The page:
LAS VEGAS — When Target entered the grocery space just over a decade ago, the company saw incredible potential for growth and quickly turned it into a $15 billion business. But the rapid expansion into fresh food and beverage left the grocery department without much of a point of view, said Stephanie Lundquist, executive vice president of food and beverage at Target, during her keynote address at Groceryshop in Las Vegas.
"In the rest of the store, we were 'Tar-zhay,' but in food, we were simply functional or transactional," said Lundquist.
Today, that is no longer the case. Grocery makes up one-fifth of Target's business and the food and beverage category has seen eight straight quarters of comparable sales growth, she said. The company has 10,000 team members dedicated exclusively to its grocery department to support operations and service.
"We are in the food and beverage business to drive growth for our company," said Lundquist.
In a show of increasing value put on its growing grocery business, Target launched Good & Gather, a private label food and beverage brand that hit store shelves Sunday. The brand will roll out in several stages beginning with 650 products now, 1,000 more in the spring and another 1,000 later, reaching more than 2,000 items by the end of next year.
"This is the biggest brand launch we've ever done in food, and when it's completed next year, Good & Gather will be the biggest own brand Target offers. Period," said Lundquist.
This means that the company will phase out existing private label brands Archer Farms and Simply Balanced, as well as reduce the scope of its Market Pantry line. More importantly, Lundquist said it will give Target a very clear position in food and beverage, with a brand that elevates the grocery department and reflects the innovation and value customers expect from the retailer.
"I think every retailer probably has a lot to gain by investing in their private brand and really the way to do that is to be strategic in determining what that private brand should stand for, what multiple brands should stand for as a complete offering and where it plays within the store," Jean Ryan, senior director of brand strategy and design at consulting firm Daymon, told Grocery Dive in an interview following Target's initial launch announcement for Good & Gather.
For Target, the Good & Gather line was designed based on hundreds of hours of consumer research, where Lundquist said the Target team listened to customers to learn what they want. They ate with them. They shopped with them. They even came into their homes to talk about their shopping habits. The company also saw that customers were gravitating to national brands like Clif Bars, Oatly and Annie's, which showed their interest in better-for-you options.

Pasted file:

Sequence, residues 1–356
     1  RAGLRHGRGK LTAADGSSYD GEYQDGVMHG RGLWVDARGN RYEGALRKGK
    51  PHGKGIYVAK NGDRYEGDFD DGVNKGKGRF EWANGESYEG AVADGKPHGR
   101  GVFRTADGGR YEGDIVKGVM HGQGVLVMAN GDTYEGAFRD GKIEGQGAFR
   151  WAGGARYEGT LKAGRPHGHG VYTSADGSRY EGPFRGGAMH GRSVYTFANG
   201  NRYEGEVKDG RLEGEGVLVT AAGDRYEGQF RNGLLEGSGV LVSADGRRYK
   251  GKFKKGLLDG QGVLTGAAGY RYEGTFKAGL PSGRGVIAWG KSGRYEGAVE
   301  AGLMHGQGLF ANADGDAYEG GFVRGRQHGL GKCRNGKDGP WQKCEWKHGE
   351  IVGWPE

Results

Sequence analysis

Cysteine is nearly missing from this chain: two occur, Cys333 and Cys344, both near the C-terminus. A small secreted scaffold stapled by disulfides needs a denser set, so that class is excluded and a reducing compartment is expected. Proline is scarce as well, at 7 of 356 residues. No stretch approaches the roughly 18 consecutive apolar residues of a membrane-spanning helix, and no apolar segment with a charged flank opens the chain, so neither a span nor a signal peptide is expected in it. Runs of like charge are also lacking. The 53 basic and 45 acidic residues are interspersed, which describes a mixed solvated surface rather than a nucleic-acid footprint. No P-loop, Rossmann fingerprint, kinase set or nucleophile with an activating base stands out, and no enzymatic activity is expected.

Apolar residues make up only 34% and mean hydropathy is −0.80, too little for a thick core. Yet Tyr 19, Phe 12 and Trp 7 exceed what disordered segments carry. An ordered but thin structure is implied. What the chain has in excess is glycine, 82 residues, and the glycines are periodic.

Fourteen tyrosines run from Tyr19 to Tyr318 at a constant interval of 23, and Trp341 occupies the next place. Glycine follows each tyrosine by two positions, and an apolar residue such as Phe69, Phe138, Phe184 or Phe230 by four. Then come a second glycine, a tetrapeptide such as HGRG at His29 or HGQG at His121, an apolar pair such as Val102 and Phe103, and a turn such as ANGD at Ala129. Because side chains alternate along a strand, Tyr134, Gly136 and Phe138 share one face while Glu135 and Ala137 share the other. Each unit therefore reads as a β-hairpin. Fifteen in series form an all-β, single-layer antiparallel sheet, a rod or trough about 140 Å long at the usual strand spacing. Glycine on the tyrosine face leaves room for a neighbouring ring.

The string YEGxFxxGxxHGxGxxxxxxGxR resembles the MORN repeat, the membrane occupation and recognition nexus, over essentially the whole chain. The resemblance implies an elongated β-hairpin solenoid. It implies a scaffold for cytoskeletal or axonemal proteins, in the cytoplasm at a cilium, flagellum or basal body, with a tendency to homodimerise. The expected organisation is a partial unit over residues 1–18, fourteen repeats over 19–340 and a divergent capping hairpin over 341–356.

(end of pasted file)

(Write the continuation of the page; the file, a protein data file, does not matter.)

Good & Gather addresses this consumer interest in healthier products and quality ingredients. Lundquist told the audience at Groceryshop that all the private label line products will be free of artificial flavors and sweeteners, synthetic colors and high-fructose corn syrup. The brand will span all grocery categories including produce and deli, salad kits, prepared meats and pasta.
According to research from Daymon, over 80% of shoppers trust private label brands as much as or more than national brands. Ryan said some of the more interesting private label brands coming to market right now are aligned with consumer preference for plant-based products, organic foods and items with healthier attributes.
"Those are the ones that I think are doing a good job of seeing and meeting consumer needs — often sometimes even before national brands get there," she said. As retailers like Target pay attention to what their shoppers want and start to define their own brands based on that, they will be able to innovate and experiment even more with their private label offerings.
With Target's plans to continue pursuing growth in grocery, Good & Gather could help the company offer more on-trend food options and meal solutions to its shoppers under one cohesive line. "Our goal in grocery is to be Target," said Lundquist.
With 2018 being the company's best year for food and beverage in more than a decade and 2019 looking even better, Lundquist said Target's strategy is working and guests are responding. No longer is Target simply functioning in grocery, it is here to compete.